Combat Mission: Barbarossa to Berlin Review
By Simon Graves |
Don't run just yet. I know you've been bored with wargames in the past. You'd rather be reading the Adams' family Christmas letter than trying to decipher another Order of Battle. You'd rather be worrying about whether those collection agents were serious about the thumb thing than puzzling out the armor facings on a T-34. And as much as I love the genre, I agree -- wargames of late have been pretty uninspired. There is therefore a real risk that some of you may lump Combat Mission: Barbarossa to Berlin in with the rest. But those of you who dismiss this as just another staid and dry wargame are really going to be missing out.
Set in the Eastern European Theater of the Second World War, Combat Mission: Barbarossa to Berlin is the follow-up to the previous reigning champ of the genre, Combat Mission: Beyond Overlord. In June of 1941, the Germans launched Operation Barbarossa, their codename for the invasion of the Soviet Union. It grew in to one of history's largest and most significant series of land battles. 60 years later, Big Time and Battlefront.com have recreated these battles in a game that does justice to the scope and severity of the fighting.
The game comes with almost 60 pre-scripted missions that display a commendable range. Everything from small infantry engagements in a dense town to massive armor clashes on the broad steppes of eastern Europe are represented here. Larger, linked battles are offered via the game's few Operations. These are linked battles across portions of a single map. As the front line shifts back and forth, the player will have to wrestle with new issues of supply and reinforcement.
Since you can play each side in any of the engagements, you can also choose the battle type. Want to walk in to a German ambush in a small European village? You can do it. Want to stop enemy armor from reaching an important crossroads? Those are here too. The game also carries the player to battles all along the 2000-mile front of the war, stretching from Finland in the north to the Crimea in the south.
The chance to run things on the defensive and assaulting sides of the battles greatly adds to the replayability. And the fact that the battles are drawn from across four years of the war means there's much more variety here than in the year or so simulated in Beyond Overlord. While battles like Normandy and Arnhem and the Bulge are the bread and butter of Second World War wargaming, it's nice to get a chance to see what this whole Blitzkrieg thing is about. Seeing more of a progression in terms of unit availability and theater selection is an added bonus.
Barbarossa to Berlin is unlike other wargames in countless areas. Perhaps the most significant of which is its hybrid turn-based/real-time nature. Orders are first issued to all units in a paused mode. Once you've told every unit what you want them to do, the game plays out a full minute of real-time resolutions. You're completely powerless to affect the game at this point and can only watch as your units carry out their orders. Once this real-time phase is over, you have another chance to issue orders before the next real-time sequence starts.
It's a wonderful system for several reasons. First and most significantly, it perfectly weds the contemplative nature of turn-based games (a feature that most grognards are comfortable with) with the striking immediacy of a real-time game. The excitement is even more expanded since you won't be able to adjust orders during the real-time action phase.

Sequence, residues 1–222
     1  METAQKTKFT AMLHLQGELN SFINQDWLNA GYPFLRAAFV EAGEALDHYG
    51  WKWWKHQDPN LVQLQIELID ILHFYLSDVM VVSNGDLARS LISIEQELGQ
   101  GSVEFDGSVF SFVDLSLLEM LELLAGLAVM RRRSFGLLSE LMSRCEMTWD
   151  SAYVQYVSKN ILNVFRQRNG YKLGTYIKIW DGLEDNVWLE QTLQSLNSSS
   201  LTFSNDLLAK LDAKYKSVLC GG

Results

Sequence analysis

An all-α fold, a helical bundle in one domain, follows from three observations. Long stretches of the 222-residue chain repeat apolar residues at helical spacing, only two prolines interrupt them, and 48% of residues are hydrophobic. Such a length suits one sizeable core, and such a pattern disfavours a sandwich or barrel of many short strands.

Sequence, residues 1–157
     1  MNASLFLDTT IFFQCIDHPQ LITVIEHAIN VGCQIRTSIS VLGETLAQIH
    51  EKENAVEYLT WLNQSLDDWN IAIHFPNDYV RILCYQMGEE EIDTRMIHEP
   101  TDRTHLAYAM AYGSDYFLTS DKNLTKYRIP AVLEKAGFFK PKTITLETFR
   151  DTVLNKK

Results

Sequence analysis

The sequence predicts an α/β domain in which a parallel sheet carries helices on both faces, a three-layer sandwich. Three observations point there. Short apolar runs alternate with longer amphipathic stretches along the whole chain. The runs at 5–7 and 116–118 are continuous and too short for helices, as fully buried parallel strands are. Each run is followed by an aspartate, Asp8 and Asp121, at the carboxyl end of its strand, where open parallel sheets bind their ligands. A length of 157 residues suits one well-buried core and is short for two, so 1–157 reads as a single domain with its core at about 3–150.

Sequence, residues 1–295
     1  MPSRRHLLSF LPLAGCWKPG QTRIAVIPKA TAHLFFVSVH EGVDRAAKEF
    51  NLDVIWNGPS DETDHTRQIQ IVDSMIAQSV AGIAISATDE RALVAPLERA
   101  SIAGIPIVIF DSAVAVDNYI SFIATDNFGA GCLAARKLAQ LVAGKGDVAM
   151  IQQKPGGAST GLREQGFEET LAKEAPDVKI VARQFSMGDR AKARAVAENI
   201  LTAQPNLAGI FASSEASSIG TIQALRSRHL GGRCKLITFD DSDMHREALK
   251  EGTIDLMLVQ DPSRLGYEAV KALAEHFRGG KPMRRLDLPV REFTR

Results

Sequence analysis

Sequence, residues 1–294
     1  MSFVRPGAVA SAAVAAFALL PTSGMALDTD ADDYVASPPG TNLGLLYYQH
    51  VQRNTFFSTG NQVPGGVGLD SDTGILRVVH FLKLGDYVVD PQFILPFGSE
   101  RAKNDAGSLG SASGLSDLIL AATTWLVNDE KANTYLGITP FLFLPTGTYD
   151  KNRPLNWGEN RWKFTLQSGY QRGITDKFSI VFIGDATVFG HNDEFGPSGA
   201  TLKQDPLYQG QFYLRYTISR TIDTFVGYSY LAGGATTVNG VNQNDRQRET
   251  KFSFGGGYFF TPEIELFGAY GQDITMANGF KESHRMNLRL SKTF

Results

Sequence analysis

Helmuth Von Moltke, one of the early architects of German war policy, once said, "No plan survives contact with the enemy." The dual nature of the action and orders phases makes this wonderfully apparent. You'll need to keep your orders flexible enough that your units can respond to unforeseen enemy action. And since changing orders results in a variable command lag, you'll want to keep your orders clear and concise. (The game models the poor communication of the Soviets early on by increasing their command delays.)
Moving units is merely a matter of right-clicking them, selecting a command and issuing a destination or objective for that command. A few new commands have been added this time around to allow for greater flexibility and initiative. Units can advance under fire now, hopping from cover to cover as they approach an objective. Tanks can now "shoot and scoot" in which they approach one waypoint, search for targets and then retire towards a second waypoint. Tanks can also go "hull down" relative to the surrounding terrain thus minimizing their exposure to enemy fire. But the best and most useful command is the "advance to contact" command instructing your units to follow their movement path and stop at the first sign of the enemy.
The developer's bold claim is that, if it works in real life, you'll find it works in the game. So far, I've found that to be true. Even something as normally straightforward as armor penetration receives numerous layers of added detail. The ballistics of the weapon are taken in to account first. These even include the shape of the charge, the angle of impact and the armor facing of the vehicle. This game also adds some new visibility concerns to the mix granting heightened spotting ability to units when and where it makes historical or intuitive sense. A sophisticated command hierarchy means you have to keep your units together somewhat to maintain their effectiveness.